In the past month, the House and Senate each marked up legislation to reform the Committee on Foreign Investment in the United States (CFIUS), an interagency body that vets sensitive acquisitions of U.S. assets. The vehicle for the legislation is the National Defense Authorization Act (NDAA), which is fitting, since the legislation is aimed at the country which presents the greatest current threat to American security: China.
The legislation is long overdue. CFIUS has done its best to prevent America’s national-security interests from being compromised by foreign acquisitions, but to deal with China, it needs new authorities and more resources.
However, there is a loophole in the new CFIUS regime that Congress envisions. Neither the House nor the Senate bill addresses ”greenfield investment” by Chinese state-owned enterprises (SOEs).
“Greenfield” assets are investments in new facilities in the United States. Since greenfield investments hold the promise of creating American jobs, state governments usually welcome them and often provide tax breaks and other incentives to get them.
That may be appropriate where the foreign company is Toyota, BP, BMW, or other private businesses that build factories in the United States because that is the best place for them to make a profit as they sell their products in the globalized economy.
However, Chinese SOEs do not pretend to be private enterprises. They are wholly owned subsidiaries of the Chinese state, and their purpose is to advance the strategic national priorities of the Chinese regime. While the SOEs are fine with making money when possible, they are really about capturing markets and controlling technology in areas that will advance China in its national competition with other countries, and in particular with the United States.
The SOEs are heavily supported by the Chinese state in every conceivable way. Their domestic markets are protected. They are controlled by the regime, financed by Chinese state banks (themselves SOEs), directly subsidized by the government, and the beneficiary of technology which the Chinese state steals or extorts from American firms and other foreign companies.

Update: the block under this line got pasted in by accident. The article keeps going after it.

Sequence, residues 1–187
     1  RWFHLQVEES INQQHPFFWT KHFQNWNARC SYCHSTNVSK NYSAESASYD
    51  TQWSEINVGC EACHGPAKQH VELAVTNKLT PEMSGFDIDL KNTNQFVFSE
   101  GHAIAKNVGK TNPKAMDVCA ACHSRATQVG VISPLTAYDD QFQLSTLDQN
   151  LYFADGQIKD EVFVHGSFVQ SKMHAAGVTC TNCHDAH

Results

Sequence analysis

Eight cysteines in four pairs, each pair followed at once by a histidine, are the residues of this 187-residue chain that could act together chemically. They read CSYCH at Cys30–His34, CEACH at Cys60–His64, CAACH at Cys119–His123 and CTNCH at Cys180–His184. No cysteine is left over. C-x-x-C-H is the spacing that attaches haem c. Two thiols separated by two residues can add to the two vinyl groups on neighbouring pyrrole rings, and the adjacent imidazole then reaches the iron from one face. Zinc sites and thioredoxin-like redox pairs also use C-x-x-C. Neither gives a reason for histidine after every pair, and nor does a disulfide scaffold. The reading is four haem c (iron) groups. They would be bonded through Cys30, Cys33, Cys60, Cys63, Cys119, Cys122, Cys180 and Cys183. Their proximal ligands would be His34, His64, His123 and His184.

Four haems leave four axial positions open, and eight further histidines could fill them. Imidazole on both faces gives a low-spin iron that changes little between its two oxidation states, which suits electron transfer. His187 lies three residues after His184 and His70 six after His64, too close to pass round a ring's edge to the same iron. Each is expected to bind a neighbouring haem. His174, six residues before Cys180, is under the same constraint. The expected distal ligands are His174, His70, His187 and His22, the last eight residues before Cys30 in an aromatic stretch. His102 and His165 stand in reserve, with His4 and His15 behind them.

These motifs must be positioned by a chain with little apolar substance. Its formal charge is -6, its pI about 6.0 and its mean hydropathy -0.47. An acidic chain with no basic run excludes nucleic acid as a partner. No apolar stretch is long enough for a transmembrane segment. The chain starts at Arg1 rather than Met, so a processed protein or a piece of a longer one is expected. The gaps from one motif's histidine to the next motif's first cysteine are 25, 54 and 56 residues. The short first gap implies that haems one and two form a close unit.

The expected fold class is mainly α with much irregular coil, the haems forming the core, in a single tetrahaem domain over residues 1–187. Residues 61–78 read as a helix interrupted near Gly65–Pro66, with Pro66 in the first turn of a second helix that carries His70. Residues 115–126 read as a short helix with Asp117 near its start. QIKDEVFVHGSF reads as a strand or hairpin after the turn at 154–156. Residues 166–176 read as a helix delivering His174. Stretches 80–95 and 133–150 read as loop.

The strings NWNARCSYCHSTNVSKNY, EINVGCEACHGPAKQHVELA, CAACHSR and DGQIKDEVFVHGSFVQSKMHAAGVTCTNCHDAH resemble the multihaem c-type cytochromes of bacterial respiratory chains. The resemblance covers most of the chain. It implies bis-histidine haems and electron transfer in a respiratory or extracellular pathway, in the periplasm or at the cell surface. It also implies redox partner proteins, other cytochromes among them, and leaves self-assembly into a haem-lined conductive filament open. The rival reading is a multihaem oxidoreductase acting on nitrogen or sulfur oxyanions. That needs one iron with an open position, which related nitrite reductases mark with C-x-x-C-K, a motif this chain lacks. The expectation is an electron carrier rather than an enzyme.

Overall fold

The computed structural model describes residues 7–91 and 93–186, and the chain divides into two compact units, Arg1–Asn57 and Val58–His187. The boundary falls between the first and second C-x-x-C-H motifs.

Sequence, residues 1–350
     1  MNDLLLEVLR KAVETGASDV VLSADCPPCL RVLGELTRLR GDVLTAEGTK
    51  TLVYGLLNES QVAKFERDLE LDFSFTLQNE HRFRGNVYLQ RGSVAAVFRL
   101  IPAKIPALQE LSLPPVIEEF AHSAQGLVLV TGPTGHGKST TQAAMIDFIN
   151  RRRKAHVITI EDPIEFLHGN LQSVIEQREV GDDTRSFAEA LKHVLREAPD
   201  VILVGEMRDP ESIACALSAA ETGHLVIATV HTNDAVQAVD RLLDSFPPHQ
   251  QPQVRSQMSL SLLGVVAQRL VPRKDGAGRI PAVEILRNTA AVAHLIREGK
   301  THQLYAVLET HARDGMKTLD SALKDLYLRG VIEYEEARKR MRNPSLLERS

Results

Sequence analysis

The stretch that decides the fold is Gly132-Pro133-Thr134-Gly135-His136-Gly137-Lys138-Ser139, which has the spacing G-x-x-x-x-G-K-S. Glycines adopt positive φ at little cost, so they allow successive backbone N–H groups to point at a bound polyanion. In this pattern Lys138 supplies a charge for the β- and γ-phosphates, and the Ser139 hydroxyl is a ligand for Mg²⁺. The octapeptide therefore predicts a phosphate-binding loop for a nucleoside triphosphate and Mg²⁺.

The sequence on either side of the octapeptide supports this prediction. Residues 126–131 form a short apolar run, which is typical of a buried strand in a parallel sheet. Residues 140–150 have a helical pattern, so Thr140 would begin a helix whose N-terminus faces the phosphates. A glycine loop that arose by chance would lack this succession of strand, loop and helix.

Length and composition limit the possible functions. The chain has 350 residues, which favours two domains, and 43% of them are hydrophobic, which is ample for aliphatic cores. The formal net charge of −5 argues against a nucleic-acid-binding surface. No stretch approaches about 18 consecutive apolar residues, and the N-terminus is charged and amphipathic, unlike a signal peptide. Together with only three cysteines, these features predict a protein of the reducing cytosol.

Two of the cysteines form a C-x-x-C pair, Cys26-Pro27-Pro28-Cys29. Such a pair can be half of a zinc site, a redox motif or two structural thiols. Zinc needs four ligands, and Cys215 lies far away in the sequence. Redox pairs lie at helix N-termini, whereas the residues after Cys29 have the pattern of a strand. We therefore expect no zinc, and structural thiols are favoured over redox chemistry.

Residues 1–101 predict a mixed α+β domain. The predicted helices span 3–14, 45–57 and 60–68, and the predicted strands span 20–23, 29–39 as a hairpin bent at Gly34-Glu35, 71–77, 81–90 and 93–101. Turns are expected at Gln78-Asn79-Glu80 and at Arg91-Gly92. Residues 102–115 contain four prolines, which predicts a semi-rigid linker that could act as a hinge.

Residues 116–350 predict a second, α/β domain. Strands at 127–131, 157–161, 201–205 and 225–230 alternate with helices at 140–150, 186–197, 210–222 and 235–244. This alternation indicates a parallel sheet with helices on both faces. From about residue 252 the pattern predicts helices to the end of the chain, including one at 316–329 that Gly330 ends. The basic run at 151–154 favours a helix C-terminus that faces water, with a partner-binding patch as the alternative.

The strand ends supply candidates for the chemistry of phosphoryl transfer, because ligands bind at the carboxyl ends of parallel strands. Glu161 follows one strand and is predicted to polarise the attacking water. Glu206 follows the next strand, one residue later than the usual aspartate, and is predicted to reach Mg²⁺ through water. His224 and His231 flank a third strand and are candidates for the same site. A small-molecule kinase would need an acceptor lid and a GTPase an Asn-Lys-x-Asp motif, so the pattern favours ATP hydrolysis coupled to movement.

In short, the SOEs are at the center of China’s national economic strategy, which it implements through what the U.S-China Economic and Security Review Commission has called China’s “Technonationalism Toolbox” of various illicit and/or illegal trade, regulatory, and financial practices.
The rest of the world is beginning to catch on to these practices. China is well aware of that; it knows that the temperature for buying foreign companies is getting hot and will likely remain so. Two years ago, for example, the China Commission recommended that Congress flat out forbid SOEs from purchasing any American company. The CFIUS-reform bills making their way through Congress flow from that recommendation and others like it.
So we can expect Chinese SOEs to turn to more greenfield investments as another and seemingly more benign way of pursuing their national goals. They will build plants abroad, often with the assistance of state and local development programs, and then use their indigenous branches to flood the foreign market with their products and force local competitors out of business.
That may produce short-term losses for the SOEs, but they can well absorb those because of the support they receive at home. Longer term, the strategy enables them to capture markets and damage their biggest technological competitors, which is their main goal.
One example is from the Australian railcar industry. According to a 2016 report by Oxford Economics, “in under 10 years, all Australian manufacturers have largely ceased production or have gone out of business.” The Oxford Economics analysis found that most of Australia’s railcar manufacturing is now controlled by CRRC, a Chinese state enterprise.
China’s General Chamber of Commerce recently announced that greenfield investments are now the most common way that Chinese companies enter the American market. Not all of those investments are by SOEs, of course, but concerns over the trend is one of the reasons the China Commission recommended last year that Congress give CFIUS the authority to review greenfield investments.
Congress walks before it runs, and it is still getting its arms around how best to respond to China’s long-term strategy for dominating crucial segments of the global economy. So I’m not surprised that the current reform bills don’t deal with the greenfields issue. But Congress and the Trump administration are going to have to deal with it. When a Chinese SOE builds a greenfield asset in the United States, there are usually other objects besides profit in view — objects that do not bode well for American workers or American national security.